Maski is employing approximately 75 people. Gittler said there were 104 employees at Catawissa Lumber when the company was sold Jan. 29. Gittler said the new owner has kept the pay, benefits and work the same for the remaining employees. Facing bankruptcy Gittler said he regretfully had to give up the business because he was facing foreclosure and bankruptcy. The agreement left Gittler in charge of the remaining debt and other Catawissa Lumber properties, and did not require Catawissa Wood and Components to retain the same employees. Gittler added, "It's important to point out that this was not a sale of the company, but a sale of the operational assets." Gittler, who thanked his employees, stated, "We tried everything we could to survive in an hellacious environment for the past 2 1/2 years." Gittler said a changing market and bad economy hurt the company's revenues, and he was eventually instructed by the bank that held the deed to find a buyer. By 2008, Catawissa Lumber no longer had a line of credit, operating instead on a cash basis. During that time, the company was paying penalty fees in the tens of thousands of dollars to its bank, he said. Between 2008 and 2009, the company's revenue decreased from $18 million to $9 million. Gittler, who did not say how much Maski Hardwood paid to purchase the facility, will not realize any money from the transaction since it will all go to the bank to pay off outstanding debt. He said sale proceeds won't cover what the company owes on three loans. He said he plans to liquidate remaining assets, including the old Catawissa facility and a 35,000-square-foot warehouse.


www.prosalesmagazine.org

"My goal in the transaction was to preserve as many jobs as possible for my employees, who have been very loyal and dedicated through the years and stuck with me during these hard times," Catawissa Lumber CEO William Gittler Jr. said.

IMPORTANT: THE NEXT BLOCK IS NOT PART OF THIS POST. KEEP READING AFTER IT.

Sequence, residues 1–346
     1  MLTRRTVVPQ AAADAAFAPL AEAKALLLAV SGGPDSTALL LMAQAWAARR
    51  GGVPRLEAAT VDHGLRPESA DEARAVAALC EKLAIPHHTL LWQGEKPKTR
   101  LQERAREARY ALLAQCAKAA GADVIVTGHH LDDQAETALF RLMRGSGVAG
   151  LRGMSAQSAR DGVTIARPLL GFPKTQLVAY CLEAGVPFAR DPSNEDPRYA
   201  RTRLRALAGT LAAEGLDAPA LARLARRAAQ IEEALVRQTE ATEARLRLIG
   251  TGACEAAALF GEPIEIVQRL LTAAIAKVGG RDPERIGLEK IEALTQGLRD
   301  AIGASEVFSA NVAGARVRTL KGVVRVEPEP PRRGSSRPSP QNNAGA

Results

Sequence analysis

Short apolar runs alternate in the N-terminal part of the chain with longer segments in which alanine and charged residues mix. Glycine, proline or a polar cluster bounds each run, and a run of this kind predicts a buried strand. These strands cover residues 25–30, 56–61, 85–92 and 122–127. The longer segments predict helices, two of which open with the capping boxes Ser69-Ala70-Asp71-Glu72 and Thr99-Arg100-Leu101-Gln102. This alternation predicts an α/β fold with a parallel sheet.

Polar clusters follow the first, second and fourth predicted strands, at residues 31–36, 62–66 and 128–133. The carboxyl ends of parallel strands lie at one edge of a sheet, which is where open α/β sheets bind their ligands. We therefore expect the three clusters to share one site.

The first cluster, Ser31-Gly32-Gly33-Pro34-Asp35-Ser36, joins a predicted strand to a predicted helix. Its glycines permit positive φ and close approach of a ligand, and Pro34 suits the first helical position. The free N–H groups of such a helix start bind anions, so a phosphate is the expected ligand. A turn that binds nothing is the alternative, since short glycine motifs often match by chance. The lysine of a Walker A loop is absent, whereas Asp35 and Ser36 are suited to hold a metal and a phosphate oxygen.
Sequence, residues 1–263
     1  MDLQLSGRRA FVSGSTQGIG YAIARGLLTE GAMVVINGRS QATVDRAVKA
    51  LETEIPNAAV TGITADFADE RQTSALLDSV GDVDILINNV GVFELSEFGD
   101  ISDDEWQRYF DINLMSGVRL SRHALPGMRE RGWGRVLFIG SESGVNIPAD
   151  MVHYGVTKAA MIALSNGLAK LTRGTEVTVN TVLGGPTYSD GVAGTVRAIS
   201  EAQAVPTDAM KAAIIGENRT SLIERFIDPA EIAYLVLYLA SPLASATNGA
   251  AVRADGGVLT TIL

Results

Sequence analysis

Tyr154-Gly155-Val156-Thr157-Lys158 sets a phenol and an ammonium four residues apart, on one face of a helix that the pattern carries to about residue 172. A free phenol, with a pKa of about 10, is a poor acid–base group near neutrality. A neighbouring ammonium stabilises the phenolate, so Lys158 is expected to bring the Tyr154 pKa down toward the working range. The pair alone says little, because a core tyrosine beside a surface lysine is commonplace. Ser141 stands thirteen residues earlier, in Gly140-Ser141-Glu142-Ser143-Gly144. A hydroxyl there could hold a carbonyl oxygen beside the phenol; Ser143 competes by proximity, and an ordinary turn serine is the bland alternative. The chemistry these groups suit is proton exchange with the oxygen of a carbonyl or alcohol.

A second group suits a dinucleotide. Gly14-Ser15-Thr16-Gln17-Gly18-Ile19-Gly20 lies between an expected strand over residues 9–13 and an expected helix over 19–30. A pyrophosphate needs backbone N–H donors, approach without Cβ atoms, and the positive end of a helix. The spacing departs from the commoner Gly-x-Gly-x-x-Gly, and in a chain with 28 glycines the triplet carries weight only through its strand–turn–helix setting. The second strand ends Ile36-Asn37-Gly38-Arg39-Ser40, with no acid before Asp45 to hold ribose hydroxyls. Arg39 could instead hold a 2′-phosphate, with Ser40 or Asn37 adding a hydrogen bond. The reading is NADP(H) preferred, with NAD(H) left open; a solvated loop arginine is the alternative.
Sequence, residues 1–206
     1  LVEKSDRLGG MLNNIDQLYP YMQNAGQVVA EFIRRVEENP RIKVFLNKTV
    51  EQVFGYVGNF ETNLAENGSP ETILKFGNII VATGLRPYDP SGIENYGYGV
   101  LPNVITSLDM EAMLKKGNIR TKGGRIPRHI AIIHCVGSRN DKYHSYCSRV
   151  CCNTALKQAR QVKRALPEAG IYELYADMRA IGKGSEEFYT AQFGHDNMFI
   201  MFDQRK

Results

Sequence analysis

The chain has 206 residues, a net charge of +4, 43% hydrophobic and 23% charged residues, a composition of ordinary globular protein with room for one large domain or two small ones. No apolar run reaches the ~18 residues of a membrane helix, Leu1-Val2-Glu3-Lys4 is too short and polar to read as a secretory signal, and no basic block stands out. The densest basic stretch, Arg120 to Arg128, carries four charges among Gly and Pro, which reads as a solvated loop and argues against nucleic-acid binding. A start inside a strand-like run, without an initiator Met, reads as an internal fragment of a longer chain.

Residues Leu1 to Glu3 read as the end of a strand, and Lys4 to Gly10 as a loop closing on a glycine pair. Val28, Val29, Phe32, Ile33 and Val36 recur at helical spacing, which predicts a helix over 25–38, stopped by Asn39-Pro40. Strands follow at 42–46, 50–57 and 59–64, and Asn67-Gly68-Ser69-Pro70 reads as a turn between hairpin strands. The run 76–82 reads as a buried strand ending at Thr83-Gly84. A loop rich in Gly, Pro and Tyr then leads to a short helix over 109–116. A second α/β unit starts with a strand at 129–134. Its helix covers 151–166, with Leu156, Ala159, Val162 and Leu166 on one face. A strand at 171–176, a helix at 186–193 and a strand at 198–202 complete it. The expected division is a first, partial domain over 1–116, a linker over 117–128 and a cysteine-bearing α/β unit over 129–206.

Maski is employing approximately 75 people. Gittler said there were 104 employees at Catawissa Lumber when the company was sold Jan. 29. Gittler said the new owner has kept the pay, benefits and work the same for the remaining employees. Facing bankruptcy Gittler said he regretfully had to give up the business because he was facing foreclosure and bankruptcy. The agreement left Gittler in charge of the remaining debt and other Catawissa Lumber properties, and did not require Catawissa Wood and Components to retain the same employees. Gittler added, "It's important to point out that this was not a sale of the company, but a sale of the operational assets." Gittler, who thanked his employees, stated, "We tried everything we could to survive in an hellacious environment for the past 2 1/2 years." Gittler said a changing market and bad economy hurt the company's revenues, and he was eventually instructed by the bank that held the deed to find a buyer. By 2008, Catawissa Lumber no longer had a line of credit, operating instead on a cash basis. During that time, the company was paying penalty fees in the tens of thousands of dollars to its bank, he said. Between 2008 and 2009, the company's revenue decreased from $18 million to $9 million. Gittler, who did not say how much Maski Hardwood paid to purchase the facility, will not realize any money from the transaction since it will all go to the bank to pay off outstanding debt. He said sale proceeds won't cover what the company owes on three loans. He said he plans to liquidate remaining assets, including the old Catawissa facility and a 35,000-square-foot warehouse.


www.wgrc.com

Catawissa Lumber CEO William Gittler Jr. tells the Press Enterprise the new owners have kept the pay, benefits, and work the same for the approximately 75 employees who are left.
Gittler regrets having to give up the company his family started in 1957 near Paxinos in Northumberland County. But he was facing foreclosure and bankruptcy.


www.woodcomponents.org [cached]

Contact: Mr. William Gittler, Jr.